Table 1 shows counts of four-year institutions and students with completion rates below 20 percent. Although 20 percent is an arbitrary cutoff, a completion rate of less than one in five cannot be taken as a signal of strong performance. Notably, these poorly performing institutions are distributed among the for-profit, public, and nonprofit sectors; no group of institutions has the monopoly on poor performance. Although for-profit institutions (some of which are very small in scale) are the most numerically present (followed by nonprofits and then publics), 38 percent of students enrolled at four-year institutions with low completion rates are at public institutions, 44 percent are at for-profits, and the remainder are at nonprofits.

Beyond the four-year sector, low completion rates are rampant at community colleges, of which 352 public campuses (of about 910) have program completion rates below 20 percent. These institutions represent about 2.4 million students, or 40 percent of total enrollment in the community college sector.

A more chilling measure to accompany these institution counts is the incidence of institutions with completion rates less than the three-year cohort default rate on student loans. In 43 four-year public schools, the three-year cohort default rate is greater than the completion rate. This is also the case for 147 four-year private nonprofit schools and 98 for-profit schools. In other words, students in these schools who borrow face a greater likelihood of defaulting than completing a degree. It would seem, then, that college attendance at these schools leaves many students worse off—lacking a degree, defaulting on a student loan, or both.

State Policies and Appropriations

The decline in resources per student from state sources is unmistakable over the past two decades. Between academic year 2000–01 and academic year 2014–15, constant dollar appropriations from state sources to higher education held constant at about $77 billion while enrollment increased from 8.7 million to 11.1 million students. This resulted in a drop in appropriations from $8,886 to $6,966 per student.21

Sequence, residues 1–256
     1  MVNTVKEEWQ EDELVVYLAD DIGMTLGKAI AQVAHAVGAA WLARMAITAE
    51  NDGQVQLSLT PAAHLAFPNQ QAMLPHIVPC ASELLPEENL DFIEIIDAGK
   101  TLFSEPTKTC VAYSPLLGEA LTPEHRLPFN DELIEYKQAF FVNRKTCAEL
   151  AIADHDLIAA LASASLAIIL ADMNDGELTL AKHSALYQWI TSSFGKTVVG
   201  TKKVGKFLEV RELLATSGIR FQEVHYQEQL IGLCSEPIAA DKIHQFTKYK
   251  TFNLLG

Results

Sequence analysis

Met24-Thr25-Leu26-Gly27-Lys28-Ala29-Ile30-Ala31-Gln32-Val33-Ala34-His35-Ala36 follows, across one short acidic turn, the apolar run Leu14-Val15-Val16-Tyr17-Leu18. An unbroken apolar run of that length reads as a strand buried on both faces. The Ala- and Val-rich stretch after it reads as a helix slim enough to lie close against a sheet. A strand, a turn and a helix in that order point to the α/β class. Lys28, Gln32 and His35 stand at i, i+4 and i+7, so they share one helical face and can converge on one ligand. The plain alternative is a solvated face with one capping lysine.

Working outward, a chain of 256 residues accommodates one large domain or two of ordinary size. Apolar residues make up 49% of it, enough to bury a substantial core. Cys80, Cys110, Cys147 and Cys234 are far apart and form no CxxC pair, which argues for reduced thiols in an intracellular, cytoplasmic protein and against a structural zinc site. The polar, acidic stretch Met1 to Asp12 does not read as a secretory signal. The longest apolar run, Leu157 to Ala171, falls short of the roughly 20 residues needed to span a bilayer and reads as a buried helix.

Money Matters

Because public providers account for 72 percent of undergraduate enrollment, the potential impact of this drop in appropriations is substantial. Some of the losses have been offset with increases in tuition levels, effectively shifting the burden of who pays for college. The share of public universities’ total educational revenues covered by net tuition revenue rose from 29.4 percent in 2001 to 43.3 percent in 2011.22 By 2017, tuition provided more revenue than state appropriations in 28 states.

When students and their families must pay for a greater share of the costs of education, it is not surprising that borrowing levels increase as well, as debt per college graduate has increased from $12,200 ($22,000 per borrower) to $15,800 ($27,000 per borrower) between 2005–06 and 2015–16.23 What is more, states with the most severe economic downturns in the 2008 recession were among those in which public institutions raised tuition the most, but many institutions still faced declines in total resources per student, with these declines most apparent outside the most selective public research universities.24

Such erosion in resources likely has real consequences for student attainment in completion rates and the time it takes students to obtain a degree.25 David Deming and Christopher Walters show that increases in collegiate spending produce substantial effects on completion rates and degree attainment, while changes in tuition levels do not appear to affect either enrollment or completion. Their results suggest a 10 percent increase in total spending is associated with a 0.52 percentage point increase in the graduation rate.26

Within states, appropriations cuts appear to translate differently in terms of real cuts in spending at different kinds of institutions. Flagship and relatively selective public institutions may be able to recoup some lost appropriations with increased revenues from other sources, including higher tuition charges and increases in the enrollment of students paying full tuition from out of state. However, broad-access institutions (colleges that admit nearly all students) are likely to face real declines in expenditures per student with declines in state appropriations; these institutions tend to have little capacity to attract full-pay students from out of state or abroad.

In a model in which expenditures are tied to attainment, a decline in resources per student leads to a decline in completion. System-wide, the result is increased stratification in resources among institutions in a state, combined with erosion in completion rates at the broad-access schools where many low-income students matriculate.